Might be time for Trae Young to get shoved out of the Hawks’ nest

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It’s tough to know when to know when to throw in the towel on an era, but the bruised and bloodied Trae Young era Atlanta Hawks are beginning to look like they should throw in the towel. The Hawks are now six years into Young’s tenure as their cornerstone and all they have to show for the rollercoaster are those memories from their 2021 Eastern Conference Finals run to show for it. At the onset of the following campaign, Young expressed a level of apathy for the regular season that exposed an overconfidence he hadn’t earned.

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“I think guys are learning that. We’re no longer the hunters. It’s the regular season. I’m not going to lie, it’s a lot more boring than the playoffs. You got to find that motivation to play like the playoffs.” Young told The Athletic’s Chris Kirschner.

Since then, the Hawks have been to the playoffs twice, but failed to win a single series, getting eliminated both times in the first round. In fairness to Young, both of those losses were to the Miami Heat and Boston Celtics, the two most recent Eastern Conference champions. If the Hawks return this season, it will have to be by winning a play-in game as the 10-seed, where they are currently situated. Unless the Hawks pick up steam and play better without Young in their lineup.

On Friday, Young underwent surgery to repair a torn ligament in his left pinkie finger. That timeline means Young should be reevaluated at the end of March, but given the Hawks’ current predicament, there’s a very real chance Young’s stint in Atlanta could be at its end. It’s not just that Young hasn’t won games, but his game hasn’t translated to wins. The Hawks are currently 10th in the East and falling.

They’re trending downwards at a time when Young should be cementing his superstar bonafides and his standing among young guards is plummeting. After six years, franchises begin to realize what they have or don’t have in a player. Minnesota realized Karl-Anthony Towns wasn’t an A1 star by then. Fortunately for the Timberwolves, they had Anthony Edwards fall into their lap. DeMarcus Cousins was traded in his seventh season in Sacramento.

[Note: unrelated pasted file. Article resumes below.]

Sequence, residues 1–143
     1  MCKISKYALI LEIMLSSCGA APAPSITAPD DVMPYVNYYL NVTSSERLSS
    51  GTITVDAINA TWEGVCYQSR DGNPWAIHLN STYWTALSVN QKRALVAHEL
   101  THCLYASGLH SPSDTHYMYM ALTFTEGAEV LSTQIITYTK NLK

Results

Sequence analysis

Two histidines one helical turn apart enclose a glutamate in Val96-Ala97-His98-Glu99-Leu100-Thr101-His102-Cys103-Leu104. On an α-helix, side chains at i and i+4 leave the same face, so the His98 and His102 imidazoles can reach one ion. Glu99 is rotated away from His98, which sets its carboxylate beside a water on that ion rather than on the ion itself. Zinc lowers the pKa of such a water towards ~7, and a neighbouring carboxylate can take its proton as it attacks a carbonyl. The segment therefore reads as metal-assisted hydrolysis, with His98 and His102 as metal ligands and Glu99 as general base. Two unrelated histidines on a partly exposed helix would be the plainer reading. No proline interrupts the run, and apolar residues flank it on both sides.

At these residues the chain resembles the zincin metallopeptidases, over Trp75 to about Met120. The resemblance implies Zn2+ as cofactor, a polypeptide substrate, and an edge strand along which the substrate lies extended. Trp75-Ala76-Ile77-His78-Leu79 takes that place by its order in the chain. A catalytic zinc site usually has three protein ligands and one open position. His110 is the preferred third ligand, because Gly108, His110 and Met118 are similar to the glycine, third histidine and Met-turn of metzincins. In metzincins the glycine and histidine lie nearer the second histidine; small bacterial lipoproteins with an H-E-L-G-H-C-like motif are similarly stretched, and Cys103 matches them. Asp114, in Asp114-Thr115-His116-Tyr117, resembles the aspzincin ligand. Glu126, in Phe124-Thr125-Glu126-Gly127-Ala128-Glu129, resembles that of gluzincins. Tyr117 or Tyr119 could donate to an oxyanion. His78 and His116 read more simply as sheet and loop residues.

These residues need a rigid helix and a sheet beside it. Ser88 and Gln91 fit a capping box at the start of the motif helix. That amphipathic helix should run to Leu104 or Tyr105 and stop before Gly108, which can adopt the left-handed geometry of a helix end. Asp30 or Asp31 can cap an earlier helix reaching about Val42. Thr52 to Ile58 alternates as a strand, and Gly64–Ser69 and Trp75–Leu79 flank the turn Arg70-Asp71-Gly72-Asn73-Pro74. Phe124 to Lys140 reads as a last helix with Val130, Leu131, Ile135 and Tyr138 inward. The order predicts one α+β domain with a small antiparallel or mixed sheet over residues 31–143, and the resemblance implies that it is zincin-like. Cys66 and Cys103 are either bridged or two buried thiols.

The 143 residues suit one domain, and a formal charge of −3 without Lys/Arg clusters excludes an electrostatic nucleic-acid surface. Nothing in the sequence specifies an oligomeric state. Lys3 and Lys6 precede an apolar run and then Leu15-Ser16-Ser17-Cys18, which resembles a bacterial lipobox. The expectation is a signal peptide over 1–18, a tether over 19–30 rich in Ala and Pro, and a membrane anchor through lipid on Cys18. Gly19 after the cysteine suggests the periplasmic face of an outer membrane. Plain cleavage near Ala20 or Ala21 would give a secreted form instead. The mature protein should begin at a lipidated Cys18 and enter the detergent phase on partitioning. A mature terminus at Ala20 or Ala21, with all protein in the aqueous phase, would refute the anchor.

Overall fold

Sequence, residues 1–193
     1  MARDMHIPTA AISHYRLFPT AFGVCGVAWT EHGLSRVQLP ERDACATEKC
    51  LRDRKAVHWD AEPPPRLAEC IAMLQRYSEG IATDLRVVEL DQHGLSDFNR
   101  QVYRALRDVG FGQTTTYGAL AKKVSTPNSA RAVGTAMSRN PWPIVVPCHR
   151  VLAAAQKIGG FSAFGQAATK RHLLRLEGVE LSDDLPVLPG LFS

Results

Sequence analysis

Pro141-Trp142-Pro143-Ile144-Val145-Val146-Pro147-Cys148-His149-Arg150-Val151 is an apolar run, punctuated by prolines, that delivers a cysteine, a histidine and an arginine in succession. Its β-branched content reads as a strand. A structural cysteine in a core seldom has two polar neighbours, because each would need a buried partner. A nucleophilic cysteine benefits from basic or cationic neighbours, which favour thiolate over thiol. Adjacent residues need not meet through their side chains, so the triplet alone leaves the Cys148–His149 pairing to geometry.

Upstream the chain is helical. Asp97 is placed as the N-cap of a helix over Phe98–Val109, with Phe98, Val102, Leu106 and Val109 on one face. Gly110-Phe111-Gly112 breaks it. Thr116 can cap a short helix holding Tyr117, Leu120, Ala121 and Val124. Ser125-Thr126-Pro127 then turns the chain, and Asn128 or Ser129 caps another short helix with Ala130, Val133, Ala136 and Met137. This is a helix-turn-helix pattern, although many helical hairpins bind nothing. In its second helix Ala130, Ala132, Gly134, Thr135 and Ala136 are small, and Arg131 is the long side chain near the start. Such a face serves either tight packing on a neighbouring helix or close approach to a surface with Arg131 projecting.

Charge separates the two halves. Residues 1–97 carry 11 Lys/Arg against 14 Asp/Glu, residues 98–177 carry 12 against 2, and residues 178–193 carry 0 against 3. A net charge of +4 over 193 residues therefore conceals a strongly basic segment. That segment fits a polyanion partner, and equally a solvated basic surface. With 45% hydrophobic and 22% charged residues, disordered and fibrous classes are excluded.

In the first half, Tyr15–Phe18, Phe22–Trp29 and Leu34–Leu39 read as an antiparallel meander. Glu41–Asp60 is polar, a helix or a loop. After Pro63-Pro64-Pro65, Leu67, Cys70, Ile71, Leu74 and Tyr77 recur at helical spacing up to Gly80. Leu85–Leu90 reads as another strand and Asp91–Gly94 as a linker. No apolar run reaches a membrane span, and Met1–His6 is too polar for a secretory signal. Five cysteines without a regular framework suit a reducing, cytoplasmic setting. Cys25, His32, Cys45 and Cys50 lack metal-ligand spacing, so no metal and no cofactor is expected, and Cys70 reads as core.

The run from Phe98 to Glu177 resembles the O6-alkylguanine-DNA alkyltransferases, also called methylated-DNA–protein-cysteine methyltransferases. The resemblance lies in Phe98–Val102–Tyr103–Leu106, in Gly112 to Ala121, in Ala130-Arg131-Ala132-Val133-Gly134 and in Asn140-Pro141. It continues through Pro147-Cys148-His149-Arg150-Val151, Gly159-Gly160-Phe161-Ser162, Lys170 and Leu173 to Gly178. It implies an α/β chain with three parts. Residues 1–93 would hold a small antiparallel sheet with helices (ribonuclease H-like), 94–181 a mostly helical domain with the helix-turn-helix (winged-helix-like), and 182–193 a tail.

Young has been the DeMarcus Cousins of Steph Currys. His counting stats and game will make you marvel, but there’s something missing, whether it’s a basketball IQ deficit, coasting on ability, or an affection for bad shots — or both. Years from now, Young will be on Cam Newton’s podcast sharing behind-the-scenes anecdotes about what led to Atlanta’s demise, which blames everyone but himself.

Young was in the midst of another slump when he suffered his most recent injury setback. Not many shooters are as streaky as Young. As a distributor, his influence is undeniable. However, the variance in Young’s shooting is as wide as the gap between Jordan Poole and Curry. Few shooters are as dangerous from logo range as Young is aside from Curry and Damian Lillard.

Young, however, is his own offensive system and the Hawks are thriving on that end as a top-10 offense. But he has hampered Atlanta in the postseason by clinging to his role as a volume shooting, heliocentric playmaker when he should be optimized more as an off-ball shooter racing around screens as often as he navigates pick-and-rolls. Unfortunately, Young only knows how to play one way and Atlanta’s ball movement has suffered with him on the floor.

Curry gets more touches per game than all but five other players, and ranks second in seconds per touch in the entire league behind Jalen Brunson, whose effort level is off the charts. In March, the Hawks will get a preview of what life without Young could be like and it could be a test run for next season. This offseason, Young’s name is appearing in trade rumors enough that he felt compelled to respond to them during All-Star Weekend.

“Some of the few lucky ones have been blessed to be drafted in situations where they win championships and it all be perfect for them,” Young said. “That’s what I want to do with Atlanta, but who knows.”

That last line doesn’t give the impression of a veteran who is going to be locked down with a super-max contract in a few years. This feels like Carmelo Anthony or Cousins near the end of their runs with the franchises that drafted them. That relates to what else Young said about the possibility of being traded.

“It is part of it,” Young explained about the reality of trade rumors. “The best players in the game have been traded.”

The San Antonio Spurs have been mentioned as suitors for obvious reasons throughout the season. They’re badly in need of a floor general to pair with Victor Wembanyama after the whole Josh Primo imbroglio, and have been in the market for one all season. They also would impose their motion offense on Young and get him to be more active off-ball while Wemby covers for his defensive liabilities. Even if it’s not San Antonio, a fresh start would do Young good. For all his warts, he could thrive in a system where he’s playing off of an alpha teammate.

Young could also return to the Hawks next season and spend the next two seasons vibrating on the trade block while they cling to making it work, but with every passing day, he’s looking like the next big star who should be on the move.

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